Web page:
There are those who could eat pizza every day.

And there are those who do.

According to a recent U.S. Department of Agriculture (USDA) study, 25% of U.S. boys between the ages of 9 and 16 eat pizza every day.

Also, from that same USDA report, cheese consumption in the United States is up 41% since 1995 — mostly due to our love for pizza.

And now there’s a delicious excuse to eat more: the pizza farm.

In the heart of America’s breadbasket — particularly along the Mississippi River in Minnesota and Wisconsin — small, family-run farms are turning their crops into pizzas.

Eating at a so-called pizza farm is fast becoming a summertime ritual.

“We’re so trapped under snow for so long in this part of the country, when it melts we must take advantage of every warm moment,” says Joy Summers, a food writer and editor of Eater Minneapolis.

One or two nights a week, diners show up with their own plates, blankets, lawn chairs and a fondness for eating al fresco.

In return, the farms serve pizzas bedecked with organic meats, veggies, cheeses and herbs — all at a fair price with ingredients produced right there on the farm.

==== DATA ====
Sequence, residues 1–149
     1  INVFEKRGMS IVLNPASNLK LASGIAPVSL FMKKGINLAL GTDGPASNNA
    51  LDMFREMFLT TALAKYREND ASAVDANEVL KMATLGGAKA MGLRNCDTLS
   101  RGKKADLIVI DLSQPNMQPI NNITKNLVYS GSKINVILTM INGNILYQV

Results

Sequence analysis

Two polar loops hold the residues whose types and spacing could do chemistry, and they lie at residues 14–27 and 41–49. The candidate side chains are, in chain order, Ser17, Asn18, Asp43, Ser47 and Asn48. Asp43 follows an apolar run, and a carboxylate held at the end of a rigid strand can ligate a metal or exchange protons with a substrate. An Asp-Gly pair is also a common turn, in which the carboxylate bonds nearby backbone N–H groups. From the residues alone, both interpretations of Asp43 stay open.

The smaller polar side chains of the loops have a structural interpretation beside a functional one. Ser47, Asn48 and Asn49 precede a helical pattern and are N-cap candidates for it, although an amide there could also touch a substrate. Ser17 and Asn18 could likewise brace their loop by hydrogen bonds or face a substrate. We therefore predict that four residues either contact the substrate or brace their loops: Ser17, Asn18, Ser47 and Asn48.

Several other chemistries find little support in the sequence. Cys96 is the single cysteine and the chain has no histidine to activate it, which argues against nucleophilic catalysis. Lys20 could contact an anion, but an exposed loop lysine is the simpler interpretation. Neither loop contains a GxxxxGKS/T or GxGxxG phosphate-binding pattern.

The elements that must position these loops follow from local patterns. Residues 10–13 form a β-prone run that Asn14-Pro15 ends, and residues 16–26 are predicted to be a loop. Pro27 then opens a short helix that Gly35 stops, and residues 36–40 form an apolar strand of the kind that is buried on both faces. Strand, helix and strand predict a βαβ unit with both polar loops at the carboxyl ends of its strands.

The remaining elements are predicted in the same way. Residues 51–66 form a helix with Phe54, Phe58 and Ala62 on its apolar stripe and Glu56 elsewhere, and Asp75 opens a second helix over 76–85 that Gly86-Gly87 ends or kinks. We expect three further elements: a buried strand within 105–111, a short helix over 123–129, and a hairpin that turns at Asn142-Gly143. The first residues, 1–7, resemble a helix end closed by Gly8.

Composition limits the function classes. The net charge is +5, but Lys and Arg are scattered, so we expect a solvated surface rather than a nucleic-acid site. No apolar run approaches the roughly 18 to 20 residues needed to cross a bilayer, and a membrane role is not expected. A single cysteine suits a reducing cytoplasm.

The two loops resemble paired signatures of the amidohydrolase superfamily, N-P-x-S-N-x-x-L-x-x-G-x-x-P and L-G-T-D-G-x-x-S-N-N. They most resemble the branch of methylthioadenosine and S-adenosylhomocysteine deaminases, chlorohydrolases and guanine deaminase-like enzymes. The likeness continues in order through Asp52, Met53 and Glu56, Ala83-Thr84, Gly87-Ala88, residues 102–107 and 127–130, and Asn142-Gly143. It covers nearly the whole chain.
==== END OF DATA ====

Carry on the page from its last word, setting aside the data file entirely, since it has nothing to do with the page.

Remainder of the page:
Best of all, these are farm-to-picnic-blanket operations.

That translates to a healthier, tastier, better-for-the-environment alternative to lots of the pizza out there.

In the Upper Midwest, any of these five stellar pizza farms will let you get your hands on some of America’s freshest pizza:

A to Z Produce and Bakery (Stockholm, Wisconsin)

The prototype.

A to Z was the first farm in the region to peddle pizza — since 1998 — and their longevity attests to the excellence of their wares.

Eater Minneapolis editor Joy Summers describes the experience at A to Z like this: “A late night dinner on the farm with a blistered, yeasty crust topped with vegetables picked at their peak, sometimes augmented with a little happily raised pork — it is magic.”